Jim passed away a couple of years ago but not after he helped hundreds of men along the way. There were some men that I had met while doing the community meetings at the Beacon HouseSM that took my advice and went into and SLE. That is one of the proudest things that I have in my life to date… is knowing that I could help someone along in sobriety by helping them make the choice to go into an SLE.
Let me know if you have had an experience with an SLE… was it good, bad or did it not make a difference.
July 15, 2013 6:59 pm
I have been looking all over the internet lately. Just looking for things that get me thinking. Things that make me think just a little more deeply about my experience. One thing that I see over and over on the internet in regards to alcohol and drug abuse is in the realm of celebrities.
Whenever there is a person that dies of this disease that is famous and well known it brings our disease into the light of day. Im not saying that it is not out there for everyone to see…. Im just saying that it gets so much more exposure then it usually does on the news, in the press, or on the internet.
Cory Monteith was a man who was one of the cast members for the FOX show Glee. He passed away on July 13th at the age of 31. He had a history of substance abuse and was very open about it in his public life. I really had no idea who this person was until I read the article on the news the day after he did. There was an immediate reaction from the public because Cory was on such a popular TV show.
When this happens… like it did with Whitney Houston and Amy Winehouse it makes it a little more personal for people who may not have someone in their life that is an alcoholic or addict. They have a connection in their lives with someone that they know.. that has died from alcohol or drugs.
It is always a tragedy when any human being is lost to drugs and alcohol. I think that sometimes people who are “normies” don’t think that you can actually die from alcohol….. if they don’t have an example in front of their face for don’t have someone that they know that has died from it.
I have had people not believe me when I told them my story and how I was in an alcohol induced coma and was very near death. Maybe it is because alcohol is legal and it is more socially accepted then drugs are?
“There is no way that you can die from simple alcohol ingestion”
I have heard this so many times in my 5 years of sobriety.
As an alcoholic and an addict that understands the progressiveness of the disease I can see how someone can fall into the spiral downwards. It has happened to so many of us that we know exactly how it feels. It does not seem so far fetched for many of us how something like this can happen. How someone with so much fame an popularity can end up feeling so alone.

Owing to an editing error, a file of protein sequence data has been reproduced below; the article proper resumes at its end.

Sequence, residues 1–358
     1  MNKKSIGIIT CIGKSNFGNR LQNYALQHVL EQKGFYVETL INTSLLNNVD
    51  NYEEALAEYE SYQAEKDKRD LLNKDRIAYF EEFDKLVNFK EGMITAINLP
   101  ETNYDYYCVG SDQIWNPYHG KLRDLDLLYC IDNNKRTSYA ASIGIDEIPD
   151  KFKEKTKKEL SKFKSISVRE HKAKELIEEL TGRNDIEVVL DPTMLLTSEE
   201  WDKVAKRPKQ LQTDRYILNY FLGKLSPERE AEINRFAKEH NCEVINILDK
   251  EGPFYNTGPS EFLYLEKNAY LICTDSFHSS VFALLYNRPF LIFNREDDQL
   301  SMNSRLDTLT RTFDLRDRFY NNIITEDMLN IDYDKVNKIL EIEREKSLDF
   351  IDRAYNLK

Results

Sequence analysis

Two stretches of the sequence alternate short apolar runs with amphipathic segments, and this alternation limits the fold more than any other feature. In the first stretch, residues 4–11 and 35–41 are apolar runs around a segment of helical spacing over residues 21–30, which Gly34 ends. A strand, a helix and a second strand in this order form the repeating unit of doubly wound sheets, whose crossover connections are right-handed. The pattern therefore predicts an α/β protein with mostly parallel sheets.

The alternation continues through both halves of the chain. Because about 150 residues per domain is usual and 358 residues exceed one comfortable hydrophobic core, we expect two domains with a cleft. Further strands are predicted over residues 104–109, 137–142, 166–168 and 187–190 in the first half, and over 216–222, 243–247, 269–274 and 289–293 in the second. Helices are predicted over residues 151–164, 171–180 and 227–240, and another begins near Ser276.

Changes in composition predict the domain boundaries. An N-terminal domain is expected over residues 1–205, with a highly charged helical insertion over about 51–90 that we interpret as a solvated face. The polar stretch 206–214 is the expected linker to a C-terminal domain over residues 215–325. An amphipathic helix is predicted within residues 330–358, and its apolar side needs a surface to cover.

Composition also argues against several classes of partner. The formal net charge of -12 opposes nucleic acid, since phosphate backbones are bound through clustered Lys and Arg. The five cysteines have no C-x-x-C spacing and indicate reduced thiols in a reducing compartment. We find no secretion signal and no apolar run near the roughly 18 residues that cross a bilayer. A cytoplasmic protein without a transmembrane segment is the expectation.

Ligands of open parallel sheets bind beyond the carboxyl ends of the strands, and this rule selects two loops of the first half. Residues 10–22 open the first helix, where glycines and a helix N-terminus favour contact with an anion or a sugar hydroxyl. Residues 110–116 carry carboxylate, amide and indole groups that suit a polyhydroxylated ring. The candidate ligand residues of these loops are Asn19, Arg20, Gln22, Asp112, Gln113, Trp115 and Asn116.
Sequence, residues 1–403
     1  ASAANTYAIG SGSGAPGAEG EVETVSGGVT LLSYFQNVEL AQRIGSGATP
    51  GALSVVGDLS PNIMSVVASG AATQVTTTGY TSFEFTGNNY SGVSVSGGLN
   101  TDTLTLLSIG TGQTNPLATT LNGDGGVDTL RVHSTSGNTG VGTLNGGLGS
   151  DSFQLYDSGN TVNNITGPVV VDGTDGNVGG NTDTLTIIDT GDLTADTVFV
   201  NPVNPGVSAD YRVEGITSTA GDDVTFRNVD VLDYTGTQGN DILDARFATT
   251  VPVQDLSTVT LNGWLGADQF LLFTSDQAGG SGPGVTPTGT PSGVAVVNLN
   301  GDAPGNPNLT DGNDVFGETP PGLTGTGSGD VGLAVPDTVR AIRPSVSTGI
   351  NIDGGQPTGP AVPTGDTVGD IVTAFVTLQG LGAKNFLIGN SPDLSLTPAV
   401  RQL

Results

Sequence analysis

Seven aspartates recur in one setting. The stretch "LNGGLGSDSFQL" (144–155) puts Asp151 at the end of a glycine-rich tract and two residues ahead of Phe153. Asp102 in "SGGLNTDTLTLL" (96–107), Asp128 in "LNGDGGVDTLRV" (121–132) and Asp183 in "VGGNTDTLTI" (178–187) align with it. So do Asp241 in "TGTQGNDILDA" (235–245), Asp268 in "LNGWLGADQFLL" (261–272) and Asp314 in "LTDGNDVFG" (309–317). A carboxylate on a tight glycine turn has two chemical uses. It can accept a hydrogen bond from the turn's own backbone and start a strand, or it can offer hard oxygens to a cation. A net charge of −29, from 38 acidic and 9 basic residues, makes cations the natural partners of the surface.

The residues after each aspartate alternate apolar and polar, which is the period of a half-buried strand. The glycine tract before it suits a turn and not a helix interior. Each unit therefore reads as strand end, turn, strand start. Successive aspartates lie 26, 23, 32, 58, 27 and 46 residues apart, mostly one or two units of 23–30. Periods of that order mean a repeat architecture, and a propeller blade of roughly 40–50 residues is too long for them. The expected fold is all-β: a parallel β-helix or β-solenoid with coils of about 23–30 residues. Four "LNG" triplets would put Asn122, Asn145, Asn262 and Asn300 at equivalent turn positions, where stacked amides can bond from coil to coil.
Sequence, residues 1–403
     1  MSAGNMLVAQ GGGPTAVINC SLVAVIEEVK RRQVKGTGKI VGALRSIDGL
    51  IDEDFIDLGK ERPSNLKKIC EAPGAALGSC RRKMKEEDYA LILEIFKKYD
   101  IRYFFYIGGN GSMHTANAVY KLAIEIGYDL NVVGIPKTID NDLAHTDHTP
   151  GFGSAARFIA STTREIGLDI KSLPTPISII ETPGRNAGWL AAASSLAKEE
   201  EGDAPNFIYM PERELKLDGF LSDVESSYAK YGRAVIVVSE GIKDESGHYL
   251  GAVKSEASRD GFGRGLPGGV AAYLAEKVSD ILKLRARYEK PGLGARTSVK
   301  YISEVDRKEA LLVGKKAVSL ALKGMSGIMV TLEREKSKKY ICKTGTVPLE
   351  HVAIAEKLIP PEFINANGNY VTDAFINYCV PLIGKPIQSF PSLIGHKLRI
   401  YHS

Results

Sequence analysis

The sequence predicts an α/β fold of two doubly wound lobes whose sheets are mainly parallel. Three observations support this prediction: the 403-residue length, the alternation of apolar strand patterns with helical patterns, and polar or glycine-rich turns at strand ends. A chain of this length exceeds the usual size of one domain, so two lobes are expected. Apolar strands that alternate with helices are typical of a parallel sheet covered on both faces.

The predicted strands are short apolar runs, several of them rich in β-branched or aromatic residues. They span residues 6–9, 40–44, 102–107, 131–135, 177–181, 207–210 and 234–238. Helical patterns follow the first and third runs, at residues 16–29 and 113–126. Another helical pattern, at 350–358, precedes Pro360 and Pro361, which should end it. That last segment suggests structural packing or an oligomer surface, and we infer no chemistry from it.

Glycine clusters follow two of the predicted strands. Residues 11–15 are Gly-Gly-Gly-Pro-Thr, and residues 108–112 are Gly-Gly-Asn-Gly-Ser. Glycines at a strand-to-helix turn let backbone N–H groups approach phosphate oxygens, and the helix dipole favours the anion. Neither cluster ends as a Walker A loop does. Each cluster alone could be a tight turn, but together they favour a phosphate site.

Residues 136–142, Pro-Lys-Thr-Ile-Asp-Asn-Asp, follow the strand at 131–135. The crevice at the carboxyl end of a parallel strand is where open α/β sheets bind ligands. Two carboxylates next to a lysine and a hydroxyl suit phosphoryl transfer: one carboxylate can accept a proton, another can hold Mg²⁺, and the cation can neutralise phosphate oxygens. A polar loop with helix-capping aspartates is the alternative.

I am so eternally grateful for the fact that I surrendered.
July 10, 2013 9:24 am
I was thinking last night about the feelings that I was having when I finally surrendered and gave myself to this life of recovery. There were many different feelings that were going through my head. Some that I really can’t remember now but I know back then they were as vivid as any raw feeling that I had ever had before.
When I think of all of the different feelings they are characterized by streams of different words. It makes it hard to pick out individual words that really sum up almost everything that I was feeling in one word.
If you had to pick one word to describe your feelings…… at the end of your drinking and using… what would it be.
My word would be “desperation.”
I really like this definition for the word…
” loss of hope and surrender to despair“
I first heard the term, “gift of desperation” when I first went into recovery. I remember hearing it and it hitting me like a ton of bricks. There are things that people say in meetings that you will always remember. My second sponsor had a book that he would write these things down in. He called them “nuggets.”
This was a nugget for me. I truly feel that my desperation was a gift to me. Something that brought me to my knees. I thought that there was no way out of the situation that I was in. I am glad that I was forced into recovery by my body and my mind.